Germany’s Lena Meyer-Landrut won the 2010 Eurovision Song Contest on Saturday with "Satellite," an upbeat, catchy pop song, edging out Turkey and Romania.
Meyer-Landrut, who turned 19 during the competition in Norway, won 246 points in the voting by a panel of judges and telephone votes from fans in the 39 participating countries.
It was Germany’s second win in the songfest’s 55-year history, and the victory means it will host next year’s contest.
Meyer-Landrut had been second favorite among leading bookmakers, but first in a Google predictor program. Her victory marks the second year in a row that the Google program has correctly projected the winner of Eurovision, after predicting Norwegian fiddler Alexander Rybak’s win in Moscow last year.
Onstage after winning, Meyer-Landrut demanded a kiss on the cheek from Rybak.
"I’m so happy and so thankful and so grateful, and I never thought we could do this," she said, covering her face with a German flag and, looking bewildered, asked: "Do I have to sing now?"
Alone on stage, with her backup singers in shadow, and dressed in a black cocktail dress, black stockings and dark pumps, Meyer-Landrut sang "Satellite" again to cheers and applause.
Germany beat the Turkish entry by 76 points. Romania came in third.
Oil-rich Norway spent 200 million kroner ($31 million) to host the elaborate songfest, which led off with a performance by Rybak, who won the contest in Moscow in 2009.
This year several countries have pulled out of the extravaganza citing financial strains, including the Czech Republic, Montenegro, Andorra and Hungary.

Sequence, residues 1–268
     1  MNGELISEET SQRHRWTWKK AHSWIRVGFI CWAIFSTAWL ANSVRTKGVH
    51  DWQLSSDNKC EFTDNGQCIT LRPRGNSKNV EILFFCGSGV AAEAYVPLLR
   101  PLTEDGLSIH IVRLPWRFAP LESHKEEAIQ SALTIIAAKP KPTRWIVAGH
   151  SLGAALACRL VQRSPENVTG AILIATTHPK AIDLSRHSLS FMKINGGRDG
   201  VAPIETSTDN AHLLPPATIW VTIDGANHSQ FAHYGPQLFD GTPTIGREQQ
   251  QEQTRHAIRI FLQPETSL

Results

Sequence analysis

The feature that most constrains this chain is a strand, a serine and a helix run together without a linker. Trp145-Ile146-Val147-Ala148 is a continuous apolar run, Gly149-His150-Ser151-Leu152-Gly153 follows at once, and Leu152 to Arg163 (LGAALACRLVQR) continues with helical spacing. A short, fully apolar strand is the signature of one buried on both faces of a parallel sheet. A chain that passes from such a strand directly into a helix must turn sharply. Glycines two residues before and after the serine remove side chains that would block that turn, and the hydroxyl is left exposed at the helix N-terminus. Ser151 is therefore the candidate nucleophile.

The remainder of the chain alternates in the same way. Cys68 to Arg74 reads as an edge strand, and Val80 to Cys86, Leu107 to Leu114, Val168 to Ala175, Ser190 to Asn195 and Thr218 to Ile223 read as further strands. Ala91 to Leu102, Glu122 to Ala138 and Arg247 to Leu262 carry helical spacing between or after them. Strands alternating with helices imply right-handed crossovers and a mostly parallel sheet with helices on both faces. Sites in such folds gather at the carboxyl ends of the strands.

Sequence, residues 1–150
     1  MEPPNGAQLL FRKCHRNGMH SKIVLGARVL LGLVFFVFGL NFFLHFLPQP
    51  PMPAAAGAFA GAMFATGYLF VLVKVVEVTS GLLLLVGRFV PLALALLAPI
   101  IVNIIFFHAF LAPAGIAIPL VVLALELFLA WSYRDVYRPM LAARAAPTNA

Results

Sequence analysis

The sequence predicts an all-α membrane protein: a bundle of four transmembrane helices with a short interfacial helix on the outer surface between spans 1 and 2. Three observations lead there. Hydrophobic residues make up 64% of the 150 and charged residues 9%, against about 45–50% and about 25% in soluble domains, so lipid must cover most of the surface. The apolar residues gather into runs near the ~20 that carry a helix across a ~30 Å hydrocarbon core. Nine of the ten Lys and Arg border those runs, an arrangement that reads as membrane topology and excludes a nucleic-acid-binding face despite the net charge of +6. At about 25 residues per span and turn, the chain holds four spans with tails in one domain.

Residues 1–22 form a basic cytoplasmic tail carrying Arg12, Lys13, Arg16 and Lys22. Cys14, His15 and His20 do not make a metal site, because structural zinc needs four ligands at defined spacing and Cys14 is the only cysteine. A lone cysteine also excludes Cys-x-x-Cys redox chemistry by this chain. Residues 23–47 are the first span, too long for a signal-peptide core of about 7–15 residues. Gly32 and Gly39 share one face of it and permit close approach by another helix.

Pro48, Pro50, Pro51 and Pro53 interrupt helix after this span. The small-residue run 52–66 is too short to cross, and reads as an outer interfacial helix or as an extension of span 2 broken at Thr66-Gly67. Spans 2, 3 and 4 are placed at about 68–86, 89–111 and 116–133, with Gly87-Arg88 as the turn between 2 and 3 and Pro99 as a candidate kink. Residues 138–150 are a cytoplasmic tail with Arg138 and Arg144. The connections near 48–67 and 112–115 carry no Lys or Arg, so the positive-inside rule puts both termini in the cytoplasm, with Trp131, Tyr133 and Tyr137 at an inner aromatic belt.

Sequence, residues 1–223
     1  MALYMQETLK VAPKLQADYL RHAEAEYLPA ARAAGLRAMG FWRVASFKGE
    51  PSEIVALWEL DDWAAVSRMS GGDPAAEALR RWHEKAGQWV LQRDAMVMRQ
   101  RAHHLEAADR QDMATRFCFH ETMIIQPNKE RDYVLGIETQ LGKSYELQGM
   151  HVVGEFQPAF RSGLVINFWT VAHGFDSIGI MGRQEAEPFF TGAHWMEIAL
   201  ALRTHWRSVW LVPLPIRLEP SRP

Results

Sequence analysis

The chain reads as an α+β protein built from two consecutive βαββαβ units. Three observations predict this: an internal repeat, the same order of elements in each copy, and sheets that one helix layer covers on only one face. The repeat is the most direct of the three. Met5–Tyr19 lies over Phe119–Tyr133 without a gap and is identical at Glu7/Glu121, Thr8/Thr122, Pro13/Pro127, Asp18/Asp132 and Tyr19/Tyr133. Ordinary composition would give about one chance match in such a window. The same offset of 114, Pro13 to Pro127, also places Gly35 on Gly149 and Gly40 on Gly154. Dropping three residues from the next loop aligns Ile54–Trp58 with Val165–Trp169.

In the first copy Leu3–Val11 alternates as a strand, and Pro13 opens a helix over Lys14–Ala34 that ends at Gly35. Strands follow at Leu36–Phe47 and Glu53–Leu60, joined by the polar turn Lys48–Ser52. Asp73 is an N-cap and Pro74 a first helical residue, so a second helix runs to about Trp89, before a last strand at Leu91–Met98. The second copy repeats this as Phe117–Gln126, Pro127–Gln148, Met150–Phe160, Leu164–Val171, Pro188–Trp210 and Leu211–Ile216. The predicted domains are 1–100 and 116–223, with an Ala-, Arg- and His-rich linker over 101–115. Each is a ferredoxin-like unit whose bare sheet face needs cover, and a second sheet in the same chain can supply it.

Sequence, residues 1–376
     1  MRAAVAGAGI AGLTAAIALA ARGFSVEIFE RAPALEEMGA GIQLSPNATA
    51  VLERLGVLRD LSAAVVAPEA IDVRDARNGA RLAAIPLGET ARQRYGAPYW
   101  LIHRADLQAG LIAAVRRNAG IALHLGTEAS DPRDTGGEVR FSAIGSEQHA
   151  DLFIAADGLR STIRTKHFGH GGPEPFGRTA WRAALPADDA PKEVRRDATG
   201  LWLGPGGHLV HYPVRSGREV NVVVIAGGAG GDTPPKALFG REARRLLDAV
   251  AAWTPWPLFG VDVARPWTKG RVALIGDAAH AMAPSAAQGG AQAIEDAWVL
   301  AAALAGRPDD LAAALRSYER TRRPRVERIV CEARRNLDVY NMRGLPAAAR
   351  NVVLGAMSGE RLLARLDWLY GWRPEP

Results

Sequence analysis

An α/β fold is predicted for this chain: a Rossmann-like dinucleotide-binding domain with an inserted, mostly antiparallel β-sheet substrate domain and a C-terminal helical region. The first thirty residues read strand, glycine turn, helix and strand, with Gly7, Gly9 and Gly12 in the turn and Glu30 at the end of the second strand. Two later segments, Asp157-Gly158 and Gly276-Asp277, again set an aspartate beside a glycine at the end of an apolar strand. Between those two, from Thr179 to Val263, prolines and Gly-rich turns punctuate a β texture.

Observers also feared that the voting for the winner — a political consideration even in the best of times — would be affected by the continent’s simmering financial tensions. The Greek government debt crisis and a subsequent European Union-led bailout has strained relations within the 27-nation bloc.
Germany’s supremacy didn’t inspire joy everywhere. On Russian state television, an announcer said, "Clearly everyone knows where to turn when they need money."
The contest is known for over-the-top exuberance in costumes, lighting and set design. One notable semifinal outfit — tight silver sparkly shorts — was worn by the male singers in Lithuania’s InCulto group, and contestants from Romania had plumes of fire in the background.
Earlier this week, 34 contestants were whittled down to 20 in two semifinals. They were competing in the final with five pre-qualified countries — last year’s winner, Norway, and the contest’s four perennials: Britain, Germany, France and Spain.
Politically motivated voting, as well as bloc voting, has been fairly common in Eurovision, and this year was no exception, with former Soviet bloc countries supporting each other, a trend that has helped the region win five of the last 10 contests.